Although the film loses its initial velocity in the latter half, it is still driven by the group of superb casts. Shuji Sano has never been more obnoxious than this amateur historian/inn owner. He is ultimately an scheming opportunist and so is his wife, Kuniko Miyake. Eijiro Tono, playing the hot-blooded king of Tokyu conglomerate, is at the top of his form. As an insanely vulgar capitalist, he sputters his words and spits his commands like a cockroach in hot tropics. However, he is so real and believable. He even gargles as he drinks tea! But the winner in this film is Chieko Toyama. Most of you remember her as a soft-spoken aging mother in Ozu’s Tokyo Story. Here her manners are similar, but fundamentally different. Her portrait of a mild-mannered stubborn old hag, with all the melodramatic gestures with delicate subtlety, excels anything I have ever seen. It is so good that you just love this old faker.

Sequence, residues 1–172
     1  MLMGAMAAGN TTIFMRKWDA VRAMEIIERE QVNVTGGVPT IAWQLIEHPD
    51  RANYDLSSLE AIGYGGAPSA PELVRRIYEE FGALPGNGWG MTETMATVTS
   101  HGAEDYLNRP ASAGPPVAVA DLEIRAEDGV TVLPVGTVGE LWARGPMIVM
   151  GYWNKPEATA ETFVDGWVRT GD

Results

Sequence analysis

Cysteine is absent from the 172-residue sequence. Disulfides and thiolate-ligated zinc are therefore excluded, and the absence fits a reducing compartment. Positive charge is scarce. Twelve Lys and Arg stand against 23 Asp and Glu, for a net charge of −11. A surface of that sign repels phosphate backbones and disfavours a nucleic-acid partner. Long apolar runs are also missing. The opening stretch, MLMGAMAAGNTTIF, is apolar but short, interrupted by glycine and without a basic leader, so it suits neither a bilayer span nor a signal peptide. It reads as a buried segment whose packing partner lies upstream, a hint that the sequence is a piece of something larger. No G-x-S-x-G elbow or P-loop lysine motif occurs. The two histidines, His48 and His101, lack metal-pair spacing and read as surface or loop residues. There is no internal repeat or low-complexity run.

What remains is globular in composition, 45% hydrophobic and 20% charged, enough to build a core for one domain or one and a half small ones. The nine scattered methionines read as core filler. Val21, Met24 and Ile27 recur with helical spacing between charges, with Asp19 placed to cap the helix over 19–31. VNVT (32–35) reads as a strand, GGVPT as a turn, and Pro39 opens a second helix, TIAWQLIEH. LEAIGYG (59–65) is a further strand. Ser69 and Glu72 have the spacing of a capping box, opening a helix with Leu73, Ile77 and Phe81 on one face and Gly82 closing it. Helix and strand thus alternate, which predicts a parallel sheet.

This film is not yet made into DVD even in Japan. But if you find this film in the festival or in local theater, don’t miss it. Just looking at those insane characters is worth an admission.
Hakone-Yama (箱根山, 1962) 
Toho
Directed by Yuzo Kawashima
Written by Toshiro Ide and Yuzo Kawashima, Based on the novel by Bunroku Shishiko 
Cinematography by Rokuro Nishigaki
Starring Yuzo Kayama, Yuriko Hoshi, Shuji Sano, Chieko Toyama, Kuniko Miyake

 

Copyrighted materials, if any, on this web page are included as “fair use”. These are used for the purpose of research, review or critical analysis, and will be removed at the request of copyright owner(s).